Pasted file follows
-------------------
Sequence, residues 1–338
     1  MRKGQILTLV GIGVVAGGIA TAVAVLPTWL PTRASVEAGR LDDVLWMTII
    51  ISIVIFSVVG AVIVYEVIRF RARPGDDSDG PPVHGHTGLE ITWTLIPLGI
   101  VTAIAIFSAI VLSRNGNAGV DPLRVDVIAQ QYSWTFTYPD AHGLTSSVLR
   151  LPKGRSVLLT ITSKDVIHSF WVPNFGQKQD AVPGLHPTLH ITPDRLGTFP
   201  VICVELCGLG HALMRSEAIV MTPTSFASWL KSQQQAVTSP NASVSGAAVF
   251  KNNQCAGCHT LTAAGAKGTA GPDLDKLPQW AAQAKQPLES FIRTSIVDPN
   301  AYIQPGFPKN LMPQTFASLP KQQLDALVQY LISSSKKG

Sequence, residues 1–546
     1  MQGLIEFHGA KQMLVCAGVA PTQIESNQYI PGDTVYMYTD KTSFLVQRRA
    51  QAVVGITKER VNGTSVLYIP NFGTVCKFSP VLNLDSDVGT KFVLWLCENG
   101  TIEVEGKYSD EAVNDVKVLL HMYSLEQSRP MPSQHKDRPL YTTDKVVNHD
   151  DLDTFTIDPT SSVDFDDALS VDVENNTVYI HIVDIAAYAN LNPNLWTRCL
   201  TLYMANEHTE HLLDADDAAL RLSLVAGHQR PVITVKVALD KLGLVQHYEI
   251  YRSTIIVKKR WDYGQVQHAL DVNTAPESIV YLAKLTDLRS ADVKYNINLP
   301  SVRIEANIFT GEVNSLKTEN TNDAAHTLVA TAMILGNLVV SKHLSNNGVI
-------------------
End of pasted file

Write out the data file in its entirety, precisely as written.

Sequence, residues 1–338
     1  MRKGQILTLV GIGVVAGGIA TAVAVLPTWL PTRASVEAGR LDDVLWMTII
    51  ISIVIFSVVG AVIVYEVIRF RARPGDDSDG PPVHGHTGLE ITWTLIPLGI
   101  VTAIAIFSAI VLSRNGNAGV DPLRVDVIAQ QYSWTFTYPD AHGLTSSVLR
   151  LPKGRSVLLT ITSKDVIHSF WVPNFGQKQD AVPGLHPTLH ITPDRLGTFP
   201  VICVELCGLG HALMRSEAIV MTPTSFASWL KSQQQAVTSP NASVSGAAVF
   251  KNNQCAGCHT LTAAGAKGTA GPDLDKLPQW AAQAKQPLES FIRTSIVDPN
   301  AYIQPGFPKN LMPQTFASLP KQQLDALVQY LISSSKKG

Sequence, residues 1–546
     1  MQGLIEFHGA KQMLVCAGVA PTQIESNQYI PGDTVYMYTD KTSFLVQRRA
    51  QAVVGITKER VNGTSVLYIP NFGTVCKFSP VLNLDSDVGT KFVLWLCENG
   101  TIEVEGKYSD EAVNDVKVLL HMYSLEQSRP MPSQHKDRPL YTTDKVVNHD
   151  DLDTFTIDPT SSVDFDDALS VDVENNTVYI HIVDIAAYAN LNPNLWTRCL
   201  TLYMANEHTE HLLDADDAAL RLSLVAGHQR PVITVKVALD KLGLVQHYEI
   251  YRSTIIVKKR WDYGQVQHAL DVNTAPESIV YLAKLTDLRS ADVKYNINLP
   301  SVRIEANIFT GEVNSLKTEN TNDAAHTLVA TAMILGNLVV SKHLSNNGVI